November 22. 2017 Bible Study — I Pray To God That You May Become What I Am

I am using the daily Bible reading schedule from “The” for my daily Bible reading. This is the last of my posts written while I am on my trip. Thank you for bearing with me.

Today, I am reading and commenting on Acts 25-28.

    When Paul preaches before the Roman governor and Herod Agrippa, both listen attentively to what he says until he gets to Jesus rising from the dead. At that point the governor calls him crazy. At which point Paul asks Herod Agrippa to corroborate what he is saying. Herod responds by asking Paul if he really thinks he can convert him so quickly. Paul answered that quick or slow, his goal was that all who heard him would convert. That should be our goal with every conversation and interaction we have with non-believers to provide the seeds which lead them to become believers.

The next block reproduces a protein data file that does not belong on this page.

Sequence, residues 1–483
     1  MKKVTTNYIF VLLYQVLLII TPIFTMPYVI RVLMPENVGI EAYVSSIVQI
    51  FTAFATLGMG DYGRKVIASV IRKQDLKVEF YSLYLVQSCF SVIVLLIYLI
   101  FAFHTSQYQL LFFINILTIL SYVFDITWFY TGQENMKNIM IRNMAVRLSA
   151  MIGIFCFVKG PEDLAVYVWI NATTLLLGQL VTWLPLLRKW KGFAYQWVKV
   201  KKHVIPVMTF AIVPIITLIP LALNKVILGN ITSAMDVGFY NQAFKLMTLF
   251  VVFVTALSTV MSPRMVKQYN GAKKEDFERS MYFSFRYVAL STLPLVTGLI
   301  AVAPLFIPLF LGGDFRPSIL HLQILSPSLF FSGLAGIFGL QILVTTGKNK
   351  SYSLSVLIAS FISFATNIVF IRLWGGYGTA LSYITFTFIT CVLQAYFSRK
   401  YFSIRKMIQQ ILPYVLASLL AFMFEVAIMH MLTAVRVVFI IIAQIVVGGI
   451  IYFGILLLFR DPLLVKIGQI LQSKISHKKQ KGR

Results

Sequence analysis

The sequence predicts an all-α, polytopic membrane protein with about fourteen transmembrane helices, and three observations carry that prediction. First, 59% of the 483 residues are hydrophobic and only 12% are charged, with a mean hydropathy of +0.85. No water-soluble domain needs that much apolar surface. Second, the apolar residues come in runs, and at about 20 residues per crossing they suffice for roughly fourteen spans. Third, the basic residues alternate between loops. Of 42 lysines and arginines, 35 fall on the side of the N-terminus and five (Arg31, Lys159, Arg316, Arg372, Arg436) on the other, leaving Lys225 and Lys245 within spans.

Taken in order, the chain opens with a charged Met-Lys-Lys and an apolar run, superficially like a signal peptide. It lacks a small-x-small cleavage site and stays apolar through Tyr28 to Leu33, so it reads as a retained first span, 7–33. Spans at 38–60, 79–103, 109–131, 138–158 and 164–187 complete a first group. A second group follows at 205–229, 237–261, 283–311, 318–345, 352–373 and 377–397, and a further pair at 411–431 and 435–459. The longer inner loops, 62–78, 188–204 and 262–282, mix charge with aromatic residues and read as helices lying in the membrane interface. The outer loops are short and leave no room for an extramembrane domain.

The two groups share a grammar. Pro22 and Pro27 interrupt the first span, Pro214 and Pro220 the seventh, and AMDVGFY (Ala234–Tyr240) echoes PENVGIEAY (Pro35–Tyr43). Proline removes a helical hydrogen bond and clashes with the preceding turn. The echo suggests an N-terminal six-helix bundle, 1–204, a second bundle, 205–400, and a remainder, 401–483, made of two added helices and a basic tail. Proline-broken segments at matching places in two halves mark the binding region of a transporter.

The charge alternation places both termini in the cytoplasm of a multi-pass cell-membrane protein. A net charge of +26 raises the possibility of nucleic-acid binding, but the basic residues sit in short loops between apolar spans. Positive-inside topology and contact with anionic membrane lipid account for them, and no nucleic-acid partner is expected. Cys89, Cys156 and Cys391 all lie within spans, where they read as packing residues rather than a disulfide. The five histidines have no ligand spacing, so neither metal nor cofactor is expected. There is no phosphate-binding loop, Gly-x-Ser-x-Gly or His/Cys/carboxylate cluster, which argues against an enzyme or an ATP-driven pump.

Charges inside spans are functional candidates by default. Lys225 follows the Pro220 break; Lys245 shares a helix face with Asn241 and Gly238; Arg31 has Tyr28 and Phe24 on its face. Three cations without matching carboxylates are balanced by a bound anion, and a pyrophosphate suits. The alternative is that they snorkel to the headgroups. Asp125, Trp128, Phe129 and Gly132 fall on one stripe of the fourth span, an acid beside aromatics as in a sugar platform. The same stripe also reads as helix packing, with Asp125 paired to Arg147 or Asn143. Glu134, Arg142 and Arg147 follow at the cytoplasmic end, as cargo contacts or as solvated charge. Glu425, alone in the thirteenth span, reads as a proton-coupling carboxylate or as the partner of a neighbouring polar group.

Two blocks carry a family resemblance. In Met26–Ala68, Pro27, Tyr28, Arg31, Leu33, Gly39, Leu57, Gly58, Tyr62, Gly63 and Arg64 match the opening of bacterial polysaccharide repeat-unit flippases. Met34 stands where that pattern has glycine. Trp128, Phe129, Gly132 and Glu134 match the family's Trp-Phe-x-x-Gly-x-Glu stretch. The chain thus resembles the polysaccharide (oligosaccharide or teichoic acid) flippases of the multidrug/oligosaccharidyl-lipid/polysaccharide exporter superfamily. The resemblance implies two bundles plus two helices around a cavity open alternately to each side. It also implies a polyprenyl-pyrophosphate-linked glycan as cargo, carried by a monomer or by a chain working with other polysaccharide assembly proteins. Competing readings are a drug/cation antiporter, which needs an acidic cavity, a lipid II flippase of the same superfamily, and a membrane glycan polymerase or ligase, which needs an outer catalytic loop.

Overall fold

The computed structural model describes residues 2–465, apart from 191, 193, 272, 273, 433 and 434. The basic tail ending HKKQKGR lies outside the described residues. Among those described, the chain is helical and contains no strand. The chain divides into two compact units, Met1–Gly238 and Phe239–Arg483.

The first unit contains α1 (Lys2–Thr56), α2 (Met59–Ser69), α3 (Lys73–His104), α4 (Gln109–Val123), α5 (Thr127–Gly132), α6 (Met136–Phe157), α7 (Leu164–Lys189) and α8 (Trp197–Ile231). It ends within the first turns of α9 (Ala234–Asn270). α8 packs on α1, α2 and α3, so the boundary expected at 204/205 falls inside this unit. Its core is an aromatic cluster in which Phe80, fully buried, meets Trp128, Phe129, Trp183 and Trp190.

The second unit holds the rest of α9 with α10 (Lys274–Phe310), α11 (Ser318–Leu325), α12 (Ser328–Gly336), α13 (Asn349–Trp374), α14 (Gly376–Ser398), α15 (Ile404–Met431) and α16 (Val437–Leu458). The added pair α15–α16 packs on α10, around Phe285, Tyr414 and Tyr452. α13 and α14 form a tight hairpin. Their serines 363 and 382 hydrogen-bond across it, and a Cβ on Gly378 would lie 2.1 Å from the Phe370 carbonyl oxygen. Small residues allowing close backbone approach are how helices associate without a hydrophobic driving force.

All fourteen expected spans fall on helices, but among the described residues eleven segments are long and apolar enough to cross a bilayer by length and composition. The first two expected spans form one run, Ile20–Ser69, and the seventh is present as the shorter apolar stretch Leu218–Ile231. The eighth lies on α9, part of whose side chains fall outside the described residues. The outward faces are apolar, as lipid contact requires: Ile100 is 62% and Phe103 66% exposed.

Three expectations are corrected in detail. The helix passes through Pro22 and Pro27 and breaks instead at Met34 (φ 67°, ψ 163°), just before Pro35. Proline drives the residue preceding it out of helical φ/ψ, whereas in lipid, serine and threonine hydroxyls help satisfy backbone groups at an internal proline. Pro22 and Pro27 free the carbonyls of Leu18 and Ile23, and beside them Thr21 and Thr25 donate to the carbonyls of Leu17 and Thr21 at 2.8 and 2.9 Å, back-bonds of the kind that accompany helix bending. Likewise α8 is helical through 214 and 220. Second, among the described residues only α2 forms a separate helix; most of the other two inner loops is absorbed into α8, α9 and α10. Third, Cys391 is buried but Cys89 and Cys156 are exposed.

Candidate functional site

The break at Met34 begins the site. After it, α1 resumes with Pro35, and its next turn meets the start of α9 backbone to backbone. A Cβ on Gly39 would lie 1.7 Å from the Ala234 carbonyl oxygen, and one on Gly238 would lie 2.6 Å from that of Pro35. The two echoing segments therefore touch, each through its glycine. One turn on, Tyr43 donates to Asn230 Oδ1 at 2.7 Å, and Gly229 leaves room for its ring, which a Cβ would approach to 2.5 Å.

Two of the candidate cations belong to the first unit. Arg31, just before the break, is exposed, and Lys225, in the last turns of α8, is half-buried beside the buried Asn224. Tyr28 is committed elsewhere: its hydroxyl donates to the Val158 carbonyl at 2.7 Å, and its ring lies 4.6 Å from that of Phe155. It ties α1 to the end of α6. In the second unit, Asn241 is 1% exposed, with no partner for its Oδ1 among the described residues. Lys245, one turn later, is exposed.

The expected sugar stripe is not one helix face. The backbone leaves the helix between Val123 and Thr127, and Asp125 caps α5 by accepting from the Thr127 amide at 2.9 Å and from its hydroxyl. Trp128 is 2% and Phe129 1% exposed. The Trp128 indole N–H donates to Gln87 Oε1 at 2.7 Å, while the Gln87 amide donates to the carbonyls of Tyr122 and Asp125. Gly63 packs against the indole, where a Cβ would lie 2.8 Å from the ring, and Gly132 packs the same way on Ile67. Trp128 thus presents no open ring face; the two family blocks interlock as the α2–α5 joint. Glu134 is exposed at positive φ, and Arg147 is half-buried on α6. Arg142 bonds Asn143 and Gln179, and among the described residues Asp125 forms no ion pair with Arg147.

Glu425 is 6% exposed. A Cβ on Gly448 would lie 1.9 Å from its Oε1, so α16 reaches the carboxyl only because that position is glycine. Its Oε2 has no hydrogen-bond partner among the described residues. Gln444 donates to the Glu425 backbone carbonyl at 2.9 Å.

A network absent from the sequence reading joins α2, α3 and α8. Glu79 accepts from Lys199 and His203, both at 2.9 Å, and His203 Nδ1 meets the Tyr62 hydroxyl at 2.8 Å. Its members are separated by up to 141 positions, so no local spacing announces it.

November 21, 2017 Bible Study — Which Came First, Your Political Position, Or Your Religious Argument For It?

I am using the daily Bible reading schedule from “The” for my daily Bible reading. I am on a business trip over the weekend and into next week, so my posts may be somewhat abbreviated.

Today, I am reading and commenting on Acts 23-25.